I’ve written before about how Matt Rhule’s Temple once accidentally won a shootout against USF when they got into 22 personnel to help shorten the game and protect their D only to find that USF couldn’t stop them and was giving up long runs and scores in bunches.
Baylor has yet to reach that level, even as a physical veer and shoot team they didn’t have many of the ancillaries you need to make it work. K-State has recruited and developed more to that style but their lack of ancillaries was also an issue I raised for their team a year ago and is the reason for moves by Klieman such as moving Wheeler to TE and snatching up Jax the destroyer from Kansas.
Whether or not K-State can find enough ancillaries to make that style work is probably the question of the offseason. Take a look around the league and it’s regularly the lunch pail ancillary, the savvy linebacker, or the box safety that teams are missing when recruiting from the spread-happy lands of Texas where great athletes are rarely taught to perform such inglorious tasks.
Hey Ian how do you think Kstate will do next year?
Not totally sure. They have a few things going for them that could yield unexpectedly impressive outcomes.
For instance, the D has a lot of good, returning pieces and the offense has a QB and some receivers along with a nice OL. But it’ll be hard to fit all the pieces together in year one, they’re missing key ingredients, and the depth is scary.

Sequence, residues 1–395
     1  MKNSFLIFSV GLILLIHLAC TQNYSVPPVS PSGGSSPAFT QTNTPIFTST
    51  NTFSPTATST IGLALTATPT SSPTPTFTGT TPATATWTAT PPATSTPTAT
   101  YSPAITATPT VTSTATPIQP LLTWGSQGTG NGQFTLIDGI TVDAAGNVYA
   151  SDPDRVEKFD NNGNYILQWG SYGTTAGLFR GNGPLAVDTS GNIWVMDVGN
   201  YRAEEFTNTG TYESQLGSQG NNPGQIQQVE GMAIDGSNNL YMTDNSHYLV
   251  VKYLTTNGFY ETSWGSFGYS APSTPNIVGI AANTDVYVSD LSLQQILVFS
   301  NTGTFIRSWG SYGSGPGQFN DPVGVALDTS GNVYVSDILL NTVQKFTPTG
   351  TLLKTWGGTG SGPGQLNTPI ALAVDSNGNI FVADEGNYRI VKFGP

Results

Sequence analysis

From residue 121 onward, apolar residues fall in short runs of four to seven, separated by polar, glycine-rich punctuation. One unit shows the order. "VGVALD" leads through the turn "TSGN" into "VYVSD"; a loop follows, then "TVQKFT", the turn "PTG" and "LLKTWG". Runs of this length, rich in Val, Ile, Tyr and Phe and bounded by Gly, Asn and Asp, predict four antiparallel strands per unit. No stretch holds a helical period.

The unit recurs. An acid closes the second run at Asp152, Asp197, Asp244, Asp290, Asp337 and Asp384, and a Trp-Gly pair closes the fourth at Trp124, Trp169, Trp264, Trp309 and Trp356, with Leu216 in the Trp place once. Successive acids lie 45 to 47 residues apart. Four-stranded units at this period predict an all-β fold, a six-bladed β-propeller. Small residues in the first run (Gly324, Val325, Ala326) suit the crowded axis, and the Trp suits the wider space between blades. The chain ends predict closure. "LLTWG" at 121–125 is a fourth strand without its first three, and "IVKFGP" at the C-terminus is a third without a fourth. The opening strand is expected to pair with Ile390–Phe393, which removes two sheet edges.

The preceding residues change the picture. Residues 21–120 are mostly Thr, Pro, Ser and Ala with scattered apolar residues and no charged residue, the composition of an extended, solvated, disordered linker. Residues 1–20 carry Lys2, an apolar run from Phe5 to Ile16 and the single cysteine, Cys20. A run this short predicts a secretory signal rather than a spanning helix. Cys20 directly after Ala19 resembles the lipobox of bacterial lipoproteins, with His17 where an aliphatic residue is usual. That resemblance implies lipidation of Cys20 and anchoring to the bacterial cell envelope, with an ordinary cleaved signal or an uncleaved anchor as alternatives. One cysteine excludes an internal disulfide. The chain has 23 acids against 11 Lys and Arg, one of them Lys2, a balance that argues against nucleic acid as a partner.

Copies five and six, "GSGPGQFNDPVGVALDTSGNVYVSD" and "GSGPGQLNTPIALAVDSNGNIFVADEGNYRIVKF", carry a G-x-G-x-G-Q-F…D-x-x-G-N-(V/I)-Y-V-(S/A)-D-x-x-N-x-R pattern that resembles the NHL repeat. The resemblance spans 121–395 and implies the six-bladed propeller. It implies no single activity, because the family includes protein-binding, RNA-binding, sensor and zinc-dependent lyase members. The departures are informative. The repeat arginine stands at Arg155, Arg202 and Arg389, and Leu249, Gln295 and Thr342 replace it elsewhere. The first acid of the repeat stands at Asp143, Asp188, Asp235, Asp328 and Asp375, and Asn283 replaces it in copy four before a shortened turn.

Without looking at the schedule I’d think 5-7.
What pieces are they missing, and how long do you think it will take for them to put it all together?
Well the D isn’t up to snuff yet. They have a lot of returning pieces but a DL that can control the line, boundary corner that can put a man on lockdown, or a strong safety that can play the run from depth? Less certain.
On offense I don’t think they have the ancillaries and RB is a pretty huge question mark as well. OL should be good, how good in the new scheme? Maybe good enough.
The style is to control games with the run game and defense and that’s extra, extra hard in this league so if you’re not doing it at a high level you can get taken apart. They couldn’t do it last year, they might be better this year but I bet they’ll end up as around the same unless something really positive breaks for them.